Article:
Frank Staron moves for permission to file a late claim pursuant to §10.6
of the Court of Claims Act (the “Act”). In his proposed
, Mr. Staron alleges as follows. He
began working for RBSD Architects on January 2, 2007. On December 20, 2007,
RBSD entered into a contract with the State of New York to perform renovations
at the Manhattan Psychiatric Center on Wards Island, and claimant was assigned
to work as the project manager. On February 4, 2008, claimant was advised by
Dr. Mahmoud F. Agha, the principal at RBSD, that his employment was being
terminated, and his last day of work was February 15, 2008.
Staron also alleges that he was notified by Behrooz Fatehi, a senior associate
at RBSD, that the “real reason” he had been terminated was because
he had previously provided testimony against the State in an unrelated lawsuit
in which the State was a defendant. Specifically, claimant alleges that Mr.
Fatehi told him that Leonardo Chao, a regional supervisor of the State Office of
General Services, had called Larry Fink, another senior associate at RBSD,
“about Staron’s former testimony . . . and directed that Staron be
removed . . . .” Claimant maintains that Mr. Fink advised Dr. Agha of the
conversation and that his termination was the result. Staron also states that
he confirmed with Fink that the conversation between Fink and Chao had taken
The first three factors – whether defendant had notice of the essential
facts, had an opportunity to investigate or would be prejudiced by the granting
of this motion are intertwined and may be considered together. See Brewer v
State of New York, 176 Misc 2d 337, 342 (Ct Cl 1998). Defendant has not
addressed these factors. If, in fact, Mr. Chao directed claimant’s
termination, then notice is implicated. In addition, the matter can presumably
be investigated and no prejudice has been alleged.
As to an alternate remedy, Staron may have a cause of action against the
individual or individuals responsible for his termination. With regard to
excuse, claimant alleges that two weeks after he was terminated, he fell and
suffered injuries which caused him to be disabled for 4 to 5 months. He also
states that he was hospitalized for gall bladder problems in the same time
period. Without a physician’s affidavit or hospital records, such
incapacity does not serve as an excuse for the purposes of the Act. See
Goldstein v State of New York, 75 AD2d 613 (2d Dept 1980).
As to whether the claim appears meritorious, Staron’s proposed claim
includes four causes of action
: (i) tortious
interference with an employment contract; (ii) tortious interference with
business relations; (ii) violation of federal civil rights statute 42 U.S.C.
§1983; and (iv) violation of the New York State Constitution.
Tortious Interference with an Employment Contract
An employee who lacks an employment agreement with a definite term, and whose
employment is terminable at any time by either party, is an at-will employee who
has no cause of action for tortious interference with contract. See, e.g.,
Lobel v Maimonides Medical Center, 39 AD3d 275 (1st Dept 2007); Baker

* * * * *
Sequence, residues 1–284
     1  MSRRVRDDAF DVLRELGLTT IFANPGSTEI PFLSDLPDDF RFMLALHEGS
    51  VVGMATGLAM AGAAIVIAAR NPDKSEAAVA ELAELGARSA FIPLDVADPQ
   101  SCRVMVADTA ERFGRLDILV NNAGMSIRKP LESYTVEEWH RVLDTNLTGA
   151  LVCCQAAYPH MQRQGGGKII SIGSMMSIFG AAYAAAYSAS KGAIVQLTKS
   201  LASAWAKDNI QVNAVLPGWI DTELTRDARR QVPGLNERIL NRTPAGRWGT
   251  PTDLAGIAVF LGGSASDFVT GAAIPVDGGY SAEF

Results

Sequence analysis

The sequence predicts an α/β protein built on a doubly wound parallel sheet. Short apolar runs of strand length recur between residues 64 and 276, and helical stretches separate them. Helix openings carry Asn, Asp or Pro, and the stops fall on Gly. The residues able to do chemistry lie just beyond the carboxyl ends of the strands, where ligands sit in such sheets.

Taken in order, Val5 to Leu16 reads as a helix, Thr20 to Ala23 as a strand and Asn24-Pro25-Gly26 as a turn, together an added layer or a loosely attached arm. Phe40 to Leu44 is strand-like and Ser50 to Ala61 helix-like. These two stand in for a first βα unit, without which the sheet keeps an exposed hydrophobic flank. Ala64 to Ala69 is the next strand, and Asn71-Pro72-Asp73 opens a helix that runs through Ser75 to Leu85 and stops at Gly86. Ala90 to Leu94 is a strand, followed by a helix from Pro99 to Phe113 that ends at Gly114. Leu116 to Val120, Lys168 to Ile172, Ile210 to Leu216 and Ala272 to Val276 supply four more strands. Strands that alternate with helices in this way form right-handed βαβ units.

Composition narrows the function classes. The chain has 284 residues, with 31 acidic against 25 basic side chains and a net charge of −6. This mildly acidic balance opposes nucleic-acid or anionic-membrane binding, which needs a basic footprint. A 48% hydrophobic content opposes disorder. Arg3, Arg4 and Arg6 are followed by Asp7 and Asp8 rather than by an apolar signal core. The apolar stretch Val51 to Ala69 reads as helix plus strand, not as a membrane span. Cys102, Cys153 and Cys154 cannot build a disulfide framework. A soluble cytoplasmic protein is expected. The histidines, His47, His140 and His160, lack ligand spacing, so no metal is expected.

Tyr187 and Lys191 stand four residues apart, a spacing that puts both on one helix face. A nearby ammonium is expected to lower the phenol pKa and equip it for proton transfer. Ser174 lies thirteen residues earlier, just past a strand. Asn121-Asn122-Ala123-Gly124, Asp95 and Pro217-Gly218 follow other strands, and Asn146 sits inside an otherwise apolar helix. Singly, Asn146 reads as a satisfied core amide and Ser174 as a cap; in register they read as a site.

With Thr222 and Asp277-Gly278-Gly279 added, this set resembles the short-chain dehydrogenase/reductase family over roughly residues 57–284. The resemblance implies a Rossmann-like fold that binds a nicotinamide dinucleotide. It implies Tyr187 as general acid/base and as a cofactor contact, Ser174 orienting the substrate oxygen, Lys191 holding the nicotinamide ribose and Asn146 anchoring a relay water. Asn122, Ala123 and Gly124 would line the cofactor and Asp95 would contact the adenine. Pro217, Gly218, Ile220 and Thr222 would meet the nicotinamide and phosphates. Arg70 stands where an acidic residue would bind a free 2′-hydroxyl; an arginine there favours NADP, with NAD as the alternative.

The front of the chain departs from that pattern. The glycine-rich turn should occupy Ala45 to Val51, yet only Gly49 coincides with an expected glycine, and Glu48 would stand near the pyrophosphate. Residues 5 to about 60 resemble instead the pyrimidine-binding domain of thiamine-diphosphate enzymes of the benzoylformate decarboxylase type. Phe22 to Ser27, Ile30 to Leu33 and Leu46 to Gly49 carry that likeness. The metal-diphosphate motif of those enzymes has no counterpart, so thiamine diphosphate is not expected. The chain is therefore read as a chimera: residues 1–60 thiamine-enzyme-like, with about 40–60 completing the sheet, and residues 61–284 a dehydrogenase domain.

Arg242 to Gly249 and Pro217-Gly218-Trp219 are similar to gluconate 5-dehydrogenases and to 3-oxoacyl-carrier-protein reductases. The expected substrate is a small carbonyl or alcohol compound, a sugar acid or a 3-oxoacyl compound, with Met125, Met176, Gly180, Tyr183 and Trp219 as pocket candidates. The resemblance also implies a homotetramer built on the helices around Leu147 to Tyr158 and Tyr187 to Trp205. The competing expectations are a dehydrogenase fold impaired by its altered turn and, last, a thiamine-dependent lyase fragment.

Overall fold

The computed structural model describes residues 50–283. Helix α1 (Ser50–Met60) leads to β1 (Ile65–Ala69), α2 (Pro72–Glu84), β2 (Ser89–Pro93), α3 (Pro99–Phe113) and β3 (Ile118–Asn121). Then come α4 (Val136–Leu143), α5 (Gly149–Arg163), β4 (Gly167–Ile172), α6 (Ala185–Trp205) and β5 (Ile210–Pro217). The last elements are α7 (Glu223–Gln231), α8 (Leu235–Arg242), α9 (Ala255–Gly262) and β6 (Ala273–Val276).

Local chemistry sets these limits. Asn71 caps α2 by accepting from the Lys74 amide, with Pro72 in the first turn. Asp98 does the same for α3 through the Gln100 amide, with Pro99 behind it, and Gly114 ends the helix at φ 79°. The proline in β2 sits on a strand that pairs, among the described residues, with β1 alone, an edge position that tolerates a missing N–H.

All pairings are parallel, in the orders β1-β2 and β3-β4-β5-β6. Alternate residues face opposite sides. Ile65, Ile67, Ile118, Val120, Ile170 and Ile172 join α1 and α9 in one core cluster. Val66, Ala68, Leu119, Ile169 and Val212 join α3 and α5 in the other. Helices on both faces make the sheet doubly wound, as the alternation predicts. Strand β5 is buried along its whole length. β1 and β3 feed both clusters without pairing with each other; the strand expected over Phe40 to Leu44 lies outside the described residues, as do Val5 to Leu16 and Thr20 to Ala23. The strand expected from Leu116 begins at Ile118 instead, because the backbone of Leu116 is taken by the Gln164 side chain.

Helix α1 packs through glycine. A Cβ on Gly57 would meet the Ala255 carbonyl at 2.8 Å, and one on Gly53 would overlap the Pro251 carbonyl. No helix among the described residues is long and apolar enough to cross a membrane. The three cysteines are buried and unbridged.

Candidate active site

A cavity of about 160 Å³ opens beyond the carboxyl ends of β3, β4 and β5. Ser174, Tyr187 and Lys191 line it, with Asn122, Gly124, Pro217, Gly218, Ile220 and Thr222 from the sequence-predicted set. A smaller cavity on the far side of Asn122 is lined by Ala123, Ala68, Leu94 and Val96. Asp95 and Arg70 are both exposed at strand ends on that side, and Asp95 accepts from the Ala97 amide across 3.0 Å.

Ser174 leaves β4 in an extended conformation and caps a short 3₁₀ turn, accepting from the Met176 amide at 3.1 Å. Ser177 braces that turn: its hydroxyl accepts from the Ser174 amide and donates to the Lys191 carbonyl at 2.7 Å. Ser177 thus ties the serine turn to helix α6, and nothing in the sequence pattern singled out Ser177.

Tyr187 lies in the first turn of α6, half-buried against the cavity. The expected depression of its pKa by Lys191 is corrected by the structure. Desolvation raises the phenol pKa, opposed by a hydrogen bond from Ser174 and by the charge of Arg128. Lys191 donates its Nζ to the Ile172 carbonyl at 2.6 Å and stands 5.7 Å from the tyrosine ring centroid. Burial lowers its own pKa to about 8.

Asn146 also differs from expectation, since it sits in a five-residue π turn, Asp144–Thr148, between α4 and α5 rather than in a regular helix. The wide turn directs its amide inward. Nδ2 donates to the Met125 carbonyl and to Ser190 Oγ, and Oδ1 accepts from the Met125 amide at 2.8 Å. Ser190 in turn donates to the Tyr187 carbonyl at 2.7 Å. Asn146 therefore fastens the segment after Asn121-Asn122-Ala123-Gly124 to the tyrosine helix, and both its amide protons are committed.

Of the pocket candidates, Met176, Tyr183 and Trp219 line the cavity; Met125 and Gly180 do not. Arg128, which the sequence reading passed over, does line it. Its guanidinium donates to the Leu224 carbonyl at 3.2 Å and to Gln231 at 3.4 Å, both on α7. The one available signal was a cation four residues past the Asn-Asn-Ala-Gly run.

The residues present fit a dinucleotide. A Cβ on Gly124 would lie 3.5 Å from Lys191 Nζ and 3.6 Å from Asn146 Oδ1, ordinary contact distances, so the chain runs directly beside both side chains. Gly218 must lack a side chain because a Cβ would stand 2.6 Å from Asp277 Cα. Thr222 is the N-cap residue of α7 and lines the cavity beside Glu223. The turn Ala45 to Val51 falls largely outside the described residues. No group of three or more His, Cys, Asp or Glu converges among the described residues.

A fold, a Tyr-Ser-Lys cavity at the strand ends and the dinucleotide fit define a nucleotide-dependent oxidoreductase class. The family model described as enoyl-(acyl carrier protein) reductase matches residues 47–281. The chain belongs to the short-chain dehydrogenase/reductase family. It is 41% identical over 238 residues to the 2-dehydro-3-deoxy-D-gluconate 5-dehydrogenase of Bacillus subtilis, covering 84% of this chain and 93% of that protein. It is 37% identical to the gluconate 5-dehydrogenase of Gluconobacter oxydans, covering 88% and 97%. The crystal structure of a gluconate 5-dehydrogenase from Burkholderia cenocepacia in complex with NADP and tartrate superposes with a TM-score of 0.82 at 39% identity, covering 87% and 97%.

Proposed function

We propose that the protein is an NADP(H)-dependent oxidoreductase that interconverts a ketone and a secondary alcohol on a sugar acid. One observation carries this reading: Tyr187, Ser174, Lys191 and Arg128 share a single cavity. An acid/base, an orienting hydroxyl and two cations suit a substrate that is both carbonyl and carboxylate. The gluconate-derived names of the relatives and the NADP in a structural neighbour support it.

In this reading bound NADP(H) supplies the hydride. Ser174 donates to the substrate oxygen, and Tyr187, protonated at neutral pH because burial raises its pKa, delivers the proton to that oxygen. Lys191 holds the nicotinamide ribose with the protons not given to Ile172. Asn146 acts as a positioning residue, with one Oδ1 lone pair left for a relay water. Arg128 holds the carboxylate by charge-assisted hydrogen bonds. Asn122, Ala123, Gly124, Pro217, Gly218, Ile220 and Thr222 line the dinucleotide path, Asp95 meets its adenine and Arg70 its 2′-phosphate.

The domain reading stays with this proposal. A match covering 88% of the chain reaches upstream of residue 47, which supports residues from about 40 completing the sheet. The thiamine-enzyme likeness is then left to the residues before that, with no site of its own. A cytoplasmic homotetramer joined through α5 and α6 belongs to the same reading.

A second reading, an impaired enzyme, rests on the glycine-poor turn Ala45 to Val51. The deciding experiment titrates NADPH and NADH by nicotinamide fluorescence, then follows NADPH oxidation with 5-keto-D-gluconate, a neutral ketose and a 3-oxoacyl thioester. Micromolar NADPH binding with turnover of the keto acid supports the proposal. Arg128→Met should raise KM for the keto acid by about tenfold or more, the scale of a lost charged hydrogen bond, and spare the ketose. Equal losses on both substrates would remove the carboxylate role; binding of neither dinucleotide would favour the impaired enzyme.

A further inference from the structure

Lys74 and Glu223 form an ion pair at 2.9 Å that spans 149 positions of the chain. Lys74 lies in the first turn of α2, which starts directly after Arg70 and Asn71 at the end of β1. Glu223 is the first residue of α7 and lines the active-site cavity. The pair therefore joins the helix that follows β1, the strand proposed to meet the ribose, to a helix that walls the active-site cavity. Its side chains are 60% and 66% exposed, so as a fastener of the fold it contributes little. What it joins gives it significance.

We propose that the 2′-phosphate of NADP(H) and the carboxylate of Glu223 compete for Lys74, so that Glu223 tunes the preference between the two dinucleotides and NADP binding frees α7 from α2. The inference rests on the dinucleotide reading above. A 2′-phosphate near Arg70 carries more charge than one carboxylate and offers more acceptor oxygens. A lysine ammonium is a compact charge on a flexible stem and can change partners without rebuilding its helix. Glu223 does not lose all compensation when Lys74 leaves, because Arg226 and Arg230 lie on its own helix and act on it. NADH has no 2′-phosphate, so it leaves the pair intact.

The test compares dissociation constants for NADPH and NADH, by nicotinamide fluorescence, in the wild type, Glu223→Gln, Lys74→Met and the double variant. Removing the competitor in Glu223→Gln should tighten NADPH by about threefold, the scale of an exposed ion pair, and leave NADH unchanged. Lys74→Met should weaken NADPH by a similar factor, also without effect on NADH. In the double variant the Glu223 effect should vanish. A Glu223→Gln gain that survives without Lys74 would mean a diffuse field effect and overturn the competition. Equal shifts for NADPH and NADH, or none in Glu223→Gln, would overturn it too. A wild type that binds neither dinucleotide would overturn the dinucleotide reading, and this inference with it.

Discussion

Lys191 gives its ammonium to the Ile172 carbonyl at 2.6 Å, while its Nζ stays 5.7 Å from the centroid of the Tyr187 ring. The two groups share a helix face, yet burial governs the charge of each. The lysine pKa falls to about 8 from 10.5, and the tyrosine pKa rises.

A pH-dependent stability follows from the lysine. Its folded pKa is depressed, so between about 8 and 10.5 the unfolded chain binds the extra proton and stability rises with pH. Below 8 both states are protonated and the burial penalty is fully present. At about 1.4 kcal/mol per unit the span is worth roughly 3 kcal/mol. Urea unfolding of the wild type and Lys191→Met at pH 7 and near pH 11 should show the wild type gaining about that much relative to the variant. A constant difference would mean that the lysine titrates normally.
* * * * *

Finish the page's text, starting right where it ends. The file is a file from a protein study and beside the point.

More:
v Guardian Life Ins. Co. of America,, 12 AD3d 285 (1st Dept 2004);
Bainton v Baran, 287 AD2d 317 (1st Dept 2001).
Defendant pointed out in its opposition papers that claimant’s moving
papers did not reflect whether he had a contract with RBSD or was an at-will
employee. Claimant’s response, in his reply papers, was essentially to
state that it was sufficient for him to merely make reference to having a
contract in the proposed claim annexed to his moving papers, which he verified.
He has submitted no copy of an employment agreement, or even provided detail of
any such contract. Moreover, he fails to state that he was to be employed for a
definitive length of time. Under the circumstances, claimant has failed to
demonstrate a meritorious cause of action for tortious interference with
contract per the standard set forth in Matter of Santana v New York State
Thruway Authority, 92 Misc 2d 1, 11 (Ct Cl 1977): (i) the claim “must
not be patently groundless, frivolous, or legally defective” and (ii) upon
consideration of the entire record, including the proposed claim and any
exhibits or affidavits, “there is reasonable cause to believe that a valid
cause of action exists.”
Tortious Interference with Business Relations
An at-will employee may, however, have a cause of action for tortious
interference with business relations if he can demonstrate that
defendant’s conduct constituted a crime or an independent tort, or where
defendant engaged in conduct for the sole purpose of inflicting intentional harm
on him. See, e.g., Lawrence v Union of Orthodox Jewish Congregations of
America, 32 AD3d 304 (1st Dept 2006); Lobel and Baker, supra.
With regard to this cause of action, I find that claimant has demonstrated
merit per Matter of Santana.
Violation of 42 U.S.C. §1983
The Court lacks jurisdiction over this cause of action; a §1983 claim may
not be pursued against the State of New York in the Court of Claims. See
Brown v State of New York, 89 NY2d 172 (1996).
Violation of the New York State Constitution
As to a State constitutional cause of action under Brown, supra,
in Martinez v City of Schenectady, 97 NY2d 78 (2001), the Court of
Appeals described such cause of action as a narrow remedy addressing two
interests: “the private interest that citizens harmed by constitutional
violations have an avenue of redress, and the public interest that future
violations be deterred.” The facts of this case do not fall within the
protection of Brown.